Nov 252018 0 Responses

Ask This Two-Word Question Today

Two words matter more than any other. For this day to be used as it should, we must fixate on two words–“What’s mine?”

These are popular words. Every kid at Christmas sees a tree full of presents and wonders, “What’s mine?” Every grown child of affluence sees the estate of their parents and wonders, “What’s mine?” It’s a simple question we regularly ask throughout our lives. However, we often ask the question in reference to what we are going to get. We wonder what will be handed to us or rightly belongs to us.

But there’s another way to ask the question, a more responsible way. “What’s mine?” can also be used to determine what belongs to me not regarding possessions but regarding responsibilities. What is it that I am responsible for today? What is rightly expected of me and what do I specifically control?

Too often, we ignore this question.

Instead, we focus on the wrong questions.

The Wrong Questions

What’s owed to me? While it might be appropriate at times to consider this question, it should never be the question at the center of our thinking. By fixating on what is owed to us, we develop a mentality of entitlement and lose a sense of control over our own lives.

What are they doing? We love to think about others. Rather than looking at our own actions or attitudes, we focus on others. We covet what they have, are jealous about what they get away with, and whine about the advantages they have which we don’t experience. Rarely do we need to consider the actions of others when trying to determine how to plan our day. (See: How to Better Control Yourself)

What will happen? It’s necessary to determine what could take place in the future. Developers need to anticipate customers needs. Salespeople need to predict products clients will want. Predicting what lies ahead is important. But it’s not as vital as we often assume. In most cases, thinking about the future is just a form of worry. It feels like work, but in reality, we are using mental energy without actually doing anything in response.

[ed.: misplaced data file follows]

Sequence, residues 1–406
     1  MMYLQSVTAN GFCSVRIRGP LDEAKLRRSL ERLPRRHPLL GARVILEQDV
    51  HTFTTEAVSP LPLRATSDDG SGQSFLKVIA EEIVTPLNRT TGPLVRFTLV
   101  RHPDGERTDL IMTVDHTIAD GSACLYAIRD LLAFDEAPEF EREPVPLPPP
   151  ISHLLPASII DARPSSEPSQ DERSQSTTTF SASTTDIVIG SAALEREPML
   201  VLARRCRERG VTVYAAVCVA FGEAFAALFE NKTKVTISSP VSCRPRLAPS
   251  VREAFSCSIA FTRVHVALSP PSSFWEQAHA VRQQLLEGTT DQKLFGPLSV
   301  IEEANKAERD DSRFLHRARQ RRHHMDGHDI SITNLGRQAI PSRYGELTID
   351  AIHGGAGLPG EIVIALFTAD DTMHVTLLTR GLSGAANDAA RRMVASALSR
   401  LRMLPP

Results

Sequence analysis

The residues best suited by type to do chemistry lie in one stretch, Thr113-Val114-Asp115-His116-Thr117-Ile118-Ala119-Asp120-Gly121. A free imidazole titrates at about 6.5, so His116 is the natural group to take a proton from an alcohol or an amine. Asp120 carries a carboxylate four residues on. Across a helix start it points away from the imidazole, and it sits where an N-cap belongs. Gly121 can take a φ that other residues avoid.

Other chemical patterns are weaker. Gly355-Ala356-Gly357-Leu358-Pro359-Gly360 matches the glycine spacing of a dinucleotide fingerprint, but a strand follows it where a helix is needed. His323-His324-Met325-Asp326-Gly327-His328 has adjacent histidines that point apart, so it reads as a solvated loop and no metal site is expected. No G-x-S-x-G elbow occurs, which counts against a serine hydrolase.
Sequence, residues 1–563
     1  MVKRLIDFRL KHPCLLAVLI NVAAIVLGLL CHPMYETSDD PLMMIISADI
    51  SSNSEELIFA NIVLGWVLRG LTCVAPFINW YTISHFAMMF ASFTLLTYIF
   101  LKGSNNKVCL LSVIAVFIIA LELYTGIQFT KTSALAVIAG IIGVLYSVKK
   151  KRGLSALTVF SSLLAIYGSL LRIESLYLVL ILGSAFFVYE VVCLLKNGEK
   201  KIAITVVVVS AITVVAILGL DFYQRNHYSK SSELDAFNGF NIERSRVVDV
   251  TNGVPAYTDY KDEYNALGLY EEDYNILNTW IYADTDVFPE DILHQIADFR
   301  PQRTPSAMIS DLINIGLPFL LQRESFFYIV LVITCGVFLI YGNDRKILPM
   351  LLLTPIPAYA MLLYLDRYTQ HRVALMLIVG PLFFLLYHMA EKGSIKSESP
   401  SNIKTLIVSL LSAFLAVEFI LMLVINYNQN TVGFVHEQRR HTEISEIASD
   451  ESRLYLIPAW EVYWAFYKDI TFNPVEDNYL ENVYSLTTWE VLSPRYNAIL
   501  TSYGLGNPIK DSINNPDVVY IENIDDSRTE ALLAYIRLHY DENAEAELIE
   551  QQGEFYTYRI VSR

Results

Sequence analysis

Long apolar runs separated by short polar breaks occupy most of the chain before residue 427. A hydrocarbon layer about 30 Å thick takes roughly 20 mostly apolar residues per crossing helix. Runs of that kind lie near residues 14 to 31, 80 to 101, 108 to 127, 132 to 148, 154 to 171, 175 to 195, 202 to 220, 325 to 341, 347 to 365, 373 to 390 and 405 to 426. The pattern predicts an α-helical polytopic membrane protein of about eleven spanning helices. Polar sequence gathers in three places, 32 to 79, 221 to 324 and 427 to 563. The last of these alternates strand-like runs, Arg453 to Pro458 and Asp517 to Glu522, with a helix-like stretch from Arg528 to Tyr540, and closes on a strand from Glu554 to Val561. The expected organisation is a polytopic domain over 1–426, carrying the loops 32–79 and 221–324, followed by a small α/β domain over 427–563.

The problem with these three questions is that they are passive. In each instance, we are thinking about things we don’t control and trying to understand what might happen around us rather than considering how we can act. Some passive questions are necessary, but they are never the most important question.

The Right Question

Instead, we should ask, “What’s mine?”

What are the things that I control, are rightly expected of me, and can be acted on immediately? The question is one of responsibility. It’s about empowerment. When we clearly understand the things under our control and which are our responsibility, we are free to act. We aren’t left to wait for others. We aren’t dependent.

When we know what we own, we act.

Consider:

What’s mine in marriage? I can’t control my spouse. I can’t force them into action. However, I do fully control what I bring into every relationship. I dictate my own happiness and satisfaction. I can’t fix my spouse but I can work on me.

What’s mine at work? What is my job description? Ultimately, what am I paid to do? If at the end of a workday it’s considered a successful day, what happened to define the success? Now I should spend as much time as possible doing those things. (See: The Best Way to Start Monday)

What’s mine in parenting? The older my children get, the less control I have over them. They control their choices, but I’m not helpless. I can model for them the decision-making process I hope they follow. I can encourage them and instruct them. Their outcome is not mine, but my actions belong to me.

Two Words Every Day

On a regular basis, I meet with people in the midst of extreme turmoil–an affair suddenly revealed, a diagnosis just received, the death of a loved one, the loss of a job, or a thousand other scenarios. At the moment, people are in shock, yet they do not have the luxury of doing nothing. Action is demanded.

In order to assist them to make the best decision possible, I ask them some very simple questions. The first question I ask them to pose is, “What’s mine?”

When they feel overwhelmed by all the possibilities and changes, I help them narrow their thinking down to the simple things which they own. What belongs solely to them? Now begin to care of those things.

The good news is that we don’t have to wait for chaos or trauma before using this simple question. The basic act of beginning every day with these words can greatly impact our lives.

Ask yourself today, “What’s mine?”

Wondering what is yours? Consider these articles:

You Chose This–A Reflection on Time Management

You Control What Matters Most

Parenting–Control the Environment

How Leaders Focus on the Wrong Things

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